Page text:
Coming right on the heels of Brenda Braithwaite’s talk on Train—a board game about the holocaust that has brought many of its players to tears—John Teti led a hilarious panel on humor in games. Teti moderated a discussion with writer Rhianna Pratchett (of the Overlord series), the legendary designer and writer Tim Schafer (most recently of Brutal Legend), and Sean Vanaman of Telltale’s Tales Of Monkey Island games.
While it’s easy to find games that are violent, fun, dramatic, or gross, games are rarely funny. To kick things off, Teti asked if there should be a genre of comedy games. Tossing it to the panelists, Pratchett and Vanaman said they were uncomfortable with the idea of games that set out strictly to get laughs. Said Vanaman, “If you set out to make a comedy game you’re just going to keep telling fart jokes, or keep going back to the same comedy well.” Arguing that games should start with story, he said, “If you say ‘We’re going to be funny,’ it’ll come off as insincere.”
“Unless you’re funny,” quipped Schafer.
Schafer was clearly the panel elder. His work on the LucasArts adventures of the ’90s, through to his own studio’s Psychonauts and Brutal Legend, are famous for well-developed characters, good plots, top notch writing—and yuks. It all started back when he was at LucasArts. “In the Wild West days, management would say, ‘Ron [Gilbert], what game are you going to do next?’ ‘I’ll tell you when it’s done.’ Management took bets on people instead of ideas. … It just happened to be funny people that were given those chances.”
Scripts can be funny. Cutscenes can be funny (but we’ll still skip them). But how about humor that emerges from the gameplay? Pratchett talked about the minions that follow the protagonist in Overlord, wearing funny hats made out of baby seals or pumpkins. I’ll vouch for Pratchett that while I didn’t get belly laughs during Overlord or Overlord 2, the gags definitely set the tone: the game came off as wicked, but never nasty (which would get old).
Schafer related a story a friend told him about using the camera in Metal Gear Solid to zoom in on a female character’s rear end. After a few seconds, the character busted him: “What are you looking at?” And Pratchett also praised the Sims series for creating situations where humor could emerge. For example: now that she has the Sims pet expansion, when her Sim showers, the cats and dogs come in to watch her. “Maybe they thought I’d slip over and they could eat my feet.”
Speaking of Sims, Pratchett also brought up an experiment in Sims 3 by Robin Burkinshaw, who created a homeless father and daughter and put them in the game to see what would happen. It’s a provocative scenario, but it also sparked funny scenes—for example, when the daughter, who’s clumsy, would get invited into somebody’s home and then stumble around and break all their stuff. It’s a great point. Games can tackle serious subjects—see again: Train—but you have to deal with the fact that putting serious subjects in a game can make them funny, if only for the incongruity.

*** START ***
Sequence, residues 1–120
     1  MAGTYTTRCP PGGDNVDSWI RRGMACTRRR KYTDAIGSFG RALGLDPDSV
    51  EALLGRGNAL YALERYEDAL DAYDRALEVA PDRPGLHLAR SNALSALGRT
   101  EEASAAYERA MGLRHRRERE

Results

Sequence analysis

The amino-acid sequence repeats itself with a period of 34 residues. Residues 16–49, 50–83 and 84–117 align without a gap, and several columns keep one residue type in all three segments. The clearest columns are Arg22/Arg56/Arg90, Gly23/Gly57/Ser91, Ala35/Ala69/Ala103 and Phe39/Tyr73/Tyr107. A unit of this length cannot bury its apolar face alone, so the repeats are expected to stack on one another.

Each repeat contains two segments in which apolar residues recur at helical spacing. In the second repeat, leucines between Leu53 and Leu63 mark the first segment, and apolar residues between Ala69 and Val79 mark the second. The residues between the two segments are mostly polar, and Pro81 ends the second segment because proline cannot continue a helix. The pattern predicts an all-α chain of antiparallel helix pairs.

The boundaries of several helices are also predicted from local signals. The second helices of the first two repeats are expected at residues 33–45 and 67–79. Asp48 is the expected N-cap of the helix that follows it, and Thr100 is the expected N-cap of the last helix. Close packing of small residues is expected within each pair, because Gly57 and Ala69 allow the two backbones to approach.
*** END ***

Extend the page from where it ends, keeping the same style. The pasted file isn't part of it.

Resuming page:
But getting the jokes right is stressful. Schafer recalled writing what he thought was temporary dialogue and having a blast with it; once Gilbert told them it was going in the game, his first reaction was, “Oh God.” Vanaman agreed: “Fear is a great motivator.”
Tips to make your game funnier: Read them out loud. Have fun to make fun. Be brave. Said Schafer, “That impulse, that fear, ‘That’s too silly, that’s too ridiculous,’ is the enemy of what you do all day long.” And trust the whole team to be funny, from art to sound design to gameplay design. Schafer praised a sight gag in Castle Crashers where a deer in the background hears a boss coming and literally shits itself off the screen. “I laughed so hard at that.”
Before I make fun of Schafer for having the same sense of humor as my four-year-old, let me throw in a quote on what makes humor work in a game: when you weave it in with everything else. “That’s the way life is,” Schafer said, “all of our lives are touched by tragedy and funny things every day. I just think that’s interesting to do in writing.” When we think of Schafer’s funny games, we tend to talk about his writing on the original Monkey Island titles or his DoubleFine titles like Psychonauts or Brutal Legend.
But my favorite Schafer game is Grim Fandango, the story of a grim reaper in an Aztec-meets-Bogart land of the dead. It doesn’t play as a straight-up comedy, because you focus on your affection for the characters and their story. The dialogue is funny in a way that you’ll never grow out of, but the jokes also work because they make you pause to remember how much you love the characters telling them. Reason two: the game’s puzzles can make you smile. The game’s best moment—and I won’t give away the details—comes when you’re grappling with an infuriating, multi-part puzzle, and right when you’re tearing your hair out, you realize that a trivial detail that’s been sitting in front of you the entire time is the key to the entire shebang. It is a boffo punchline.
The crowded room got laughs and takeaways; this was one of the best sessions of my week. And I want to thank John again for having me on board this week. GDC was exhausting, amazing, exhilarating, silly and grueling—but covering it here makes it way more fun.